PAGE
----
Note: the following is excerpted (pp. 144ff) from the online, second edition of Beyond Experience: Metaphysical Theories and Philosophical Constraints, copyright © Norman Swartz, 2001.

Postscript (Added, second edition)

This chapter. in which I have argued for (among other things) the conceptual possibility of pains existing outside of one's body, indeed even being shared by two or more persons, has proven exceedingly troublesome for some readers.

      One reviewer of Beyond Experience singled out this chapter for special comment:
... a (rare) place where Swartz's discussion loses credibility is his alleged possible world (see pp. 118ff.) where we would call something a pain that was literally outside of our body. While it is fun and often enlightening to envisage possible worlds, surely the experience of pain, the having a pain, is always in one's brain. In the actual world, pains are private because they are brain states. If Swartz is trying to show only that they might not have been brain states, he would be right. But so long as pains are experiences and not objects of perception, they cannot sensibly be said to be shared (unless by Siamese twins sharing a brain) or public. Pains could not literally be out of the body and at the same time experiences. If we imagine a world where pains are analogous to colours, of course,this is not necessarily true. —Jack Ornstein, Canadian Philosophical Review, vol. XII (2)-(5) (April 1992-Oct. 1992), p. 355.
      By way of defense, I would reply that if pains can be likened (there are of course differences) to tactile sensations, then there is not only a conceptual possibility of having pain sensations outside of one's body, there has been, more recently, actual laboratory evidence bearing on the question. I reproduce here an article (appearing seven years after this chapter was first published and six years after Ornstein's critique) reporting an experiment that demonstrates, not merely the possibility, but the reality of out-of-body tactile sensations. (Sometimes, it turns out, philosophical theorizing presages scientific discovery.)
This Here Hand Is My Hand, I Think

Participants in a recent psychological study will probably never look at mannequins – or their own bodies – in quite the same way again. Before the study, they knew their arms belonged to them and synthetic ones didn't, simply because seeing is believing. Now they're not so sure.

      Researchers at Carnegie Mellon University in Pittsburgh asked subjects to keep their eyes on a rubber arm that was sitting on a table in front of them, With the subject's left arm hidden from view by a screen, the researchers simultaneously stroked both the rubber hand and the subject's hand with a paintbrush. Even though they knew their own hand was being stroked behind the screen, nearly all the subjects experienced the same bizarre sensation: they felt the fake hand was actually their own.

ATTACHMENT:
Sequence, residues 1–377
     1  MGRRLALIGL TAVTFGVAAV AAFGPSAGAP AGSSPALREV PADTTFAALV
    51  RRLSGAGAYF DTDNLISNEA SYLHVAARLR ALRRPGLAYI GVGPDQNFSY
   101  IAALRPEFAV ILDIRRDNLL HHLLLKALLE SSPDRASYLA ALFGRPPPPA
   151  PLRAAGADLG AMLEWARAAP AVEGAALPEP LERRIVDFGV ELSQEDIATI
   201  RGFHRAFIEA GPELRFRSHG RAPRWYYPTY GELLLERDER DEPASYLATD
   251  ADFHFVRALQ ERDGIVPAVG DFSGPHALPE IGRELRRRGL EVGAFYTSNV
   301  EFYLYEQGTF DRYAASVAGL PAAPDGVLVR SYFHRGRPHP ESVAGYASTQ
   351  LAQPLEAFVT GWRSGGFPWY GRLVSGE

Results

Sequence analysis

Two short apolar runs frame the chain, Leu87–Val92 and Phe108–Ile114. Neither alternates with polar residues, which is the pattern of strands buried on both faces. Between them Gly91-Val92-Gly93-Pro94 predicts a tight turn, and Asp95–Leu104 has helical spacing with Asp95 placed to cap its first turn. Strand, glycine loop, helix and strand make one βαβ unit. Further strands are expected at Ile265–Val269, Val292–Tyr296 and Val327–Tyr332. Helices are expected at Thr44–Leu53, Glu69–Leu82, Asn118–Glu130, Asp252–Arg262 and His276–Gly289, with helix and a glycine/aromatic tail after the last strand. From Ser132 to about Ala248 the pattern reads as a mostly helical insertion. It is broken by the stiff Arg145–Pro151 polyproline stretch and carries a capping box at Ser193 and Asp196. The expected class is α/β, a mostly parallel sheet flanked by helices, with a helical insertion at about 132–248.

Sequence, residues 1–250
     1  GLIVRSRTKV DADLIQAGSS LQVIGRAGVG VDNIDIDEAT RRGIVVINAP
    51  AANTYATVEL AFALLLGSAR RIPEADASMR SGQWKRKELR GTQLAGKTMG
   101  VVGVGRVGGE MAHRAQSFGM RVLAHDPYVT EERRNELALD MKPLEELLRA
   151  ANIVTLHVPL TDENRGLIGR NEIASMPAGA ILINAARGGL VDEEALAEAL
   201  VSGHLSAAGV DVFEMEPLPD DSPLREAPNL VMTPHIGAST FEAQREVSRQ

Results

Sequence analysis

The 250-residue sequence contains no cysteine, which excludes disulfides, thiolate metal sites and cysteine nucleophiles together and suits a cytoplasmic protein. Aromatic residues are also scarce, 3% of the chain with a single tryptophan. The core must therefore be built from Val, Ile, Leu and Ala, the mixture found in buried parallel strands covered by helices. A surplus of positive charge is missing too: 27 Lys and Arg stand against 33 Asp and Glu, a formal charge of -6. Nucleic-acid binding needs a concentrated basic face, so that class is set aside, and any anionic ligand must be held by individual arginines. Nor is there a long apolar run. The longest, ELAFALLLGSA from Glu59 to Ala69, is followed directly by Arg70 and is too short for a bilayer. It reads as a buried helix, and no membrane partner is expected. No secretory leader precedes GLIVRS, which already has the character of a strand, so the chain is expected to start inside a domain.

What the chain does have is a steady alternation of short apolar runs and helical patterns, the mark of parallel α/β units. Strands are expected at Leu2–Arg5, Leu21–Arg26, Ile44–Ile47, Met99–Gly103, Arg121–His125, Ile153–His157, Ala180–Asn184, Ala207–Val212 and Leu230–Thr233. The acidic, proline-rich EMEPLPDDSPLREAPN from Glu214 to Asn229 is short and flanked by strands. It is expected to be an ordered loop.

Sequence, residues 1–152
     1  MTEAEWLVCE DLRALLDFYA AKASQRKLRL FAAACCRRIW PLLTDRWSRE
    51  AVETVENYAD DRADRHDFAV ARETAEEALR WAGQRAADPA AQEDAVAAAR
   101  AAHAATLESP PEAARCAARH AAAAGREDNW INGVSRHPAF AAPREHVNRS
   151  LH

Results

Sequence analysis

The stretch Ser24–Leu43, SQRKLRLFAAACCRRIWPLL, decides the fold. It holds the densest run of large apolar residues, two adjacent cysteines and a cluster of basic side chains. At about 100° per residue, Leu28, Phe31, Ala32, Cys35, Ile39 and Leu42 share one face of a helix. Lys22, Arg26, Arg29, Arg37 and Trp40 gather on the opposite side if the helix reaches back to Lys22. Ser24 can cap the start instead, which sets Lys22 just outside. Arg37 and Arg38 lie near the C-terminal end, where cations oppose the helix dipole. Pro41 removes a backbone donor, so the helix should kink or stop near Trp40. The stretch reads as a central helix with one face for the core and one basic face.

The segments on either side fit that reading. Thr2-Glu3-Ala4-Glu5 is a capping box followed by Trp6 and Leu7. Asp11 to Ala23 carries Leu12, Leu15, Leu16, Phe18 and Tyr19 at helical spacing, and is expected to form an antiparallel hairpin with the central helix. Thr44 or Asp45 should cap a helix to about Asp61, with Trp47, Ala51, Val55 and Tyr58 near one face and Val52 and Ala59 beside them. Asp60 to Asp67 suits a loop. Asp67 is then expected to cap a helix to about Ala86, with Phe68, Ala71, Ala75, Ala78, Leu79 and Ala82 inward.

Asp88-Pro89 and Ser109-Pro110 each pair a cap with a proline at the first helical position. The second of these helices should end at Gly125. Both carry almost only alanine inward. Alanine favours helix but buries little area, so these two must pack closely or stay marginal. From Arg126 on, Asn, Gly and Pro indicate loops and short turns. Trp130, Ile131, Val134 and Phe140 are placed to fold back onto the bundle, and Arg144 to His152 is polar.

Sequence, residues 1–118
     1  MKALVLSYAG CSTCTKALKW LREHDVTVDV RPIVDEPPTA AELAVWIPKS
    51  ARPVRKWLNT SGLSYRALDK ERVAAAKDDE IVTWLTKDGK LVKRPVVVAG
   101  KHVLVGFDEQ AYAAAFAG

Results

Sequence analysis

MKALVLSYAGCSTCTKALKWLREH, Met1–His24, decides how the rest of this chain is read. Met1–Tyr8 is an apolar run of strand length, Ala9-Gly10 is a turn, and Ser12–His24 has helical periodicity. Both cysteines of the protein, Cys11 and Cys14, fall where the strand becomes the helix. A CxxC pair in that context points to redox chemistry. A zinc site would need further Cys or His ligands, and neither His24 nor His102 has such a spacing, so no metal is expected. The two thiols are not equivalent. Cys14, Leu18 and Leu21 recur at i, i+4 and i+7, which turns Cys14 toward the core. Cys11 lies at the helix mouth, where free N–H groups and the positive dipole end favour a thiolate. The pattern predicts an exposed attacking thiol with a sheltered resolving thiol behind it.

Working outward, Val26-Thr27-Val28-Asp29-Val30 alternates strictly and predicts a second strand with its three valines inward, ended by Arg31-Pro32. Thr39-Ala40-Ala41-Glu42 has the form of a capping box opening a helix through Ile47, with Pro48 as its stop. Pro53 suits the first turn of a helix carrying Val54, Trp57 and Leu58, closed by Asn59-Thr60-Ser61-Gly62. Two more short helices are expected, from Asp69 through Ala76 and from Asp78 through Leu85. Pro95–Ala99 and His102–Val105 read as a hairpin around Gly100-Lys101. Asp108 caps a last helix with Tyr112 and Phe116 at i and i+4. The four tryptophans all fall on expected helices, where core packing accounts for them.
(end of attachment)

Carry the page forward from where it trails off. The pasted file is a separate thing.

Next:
According to Matthew Botvinick, the Ph.D. psychology student who coauthored the study with advisor Jonathan Cohen, awareness of self seems to depend on intricate conversations between the brain and a range of sensory inputs that it constantly receives. If those conversations become garbled by contradictory messages, the brain is even willing to stretch the bounds of where the body ends and the outside world begins in order to draw a coherent picture.

      "It's like ventriloquism," says Botvinick, who was so spooked by the illusion when he tested it on himself that he let out a yelp and threw the fake hand across the room. "In the experiment, when something touches the fake hand, you feel it, so the rubber hand appears to be an object with which you sense. And when there is an object of that kind, it's usually part of you. That seems to be one basis of self-identification."

      To confirm that the subjects were experiencing a true shift in their perception of themselves, researchers asked them to run their right index finger along the underside of the table until it was directly underneath their left one. Those who had experienced the rubber-hand illusion invariably missed their real finger altogether and pointed more closely to the fake hand.

      "When you look at your hand, it doesn't feel as if your brain might be going through all kinds of complicated computations to arrive at the conclusion that this thing is yours," says Botvinick. "You just know it's your hand." —Jennifer Van Ezra, in the column "Nexus" in Equinox, no. 99 (July 1998), p. 14.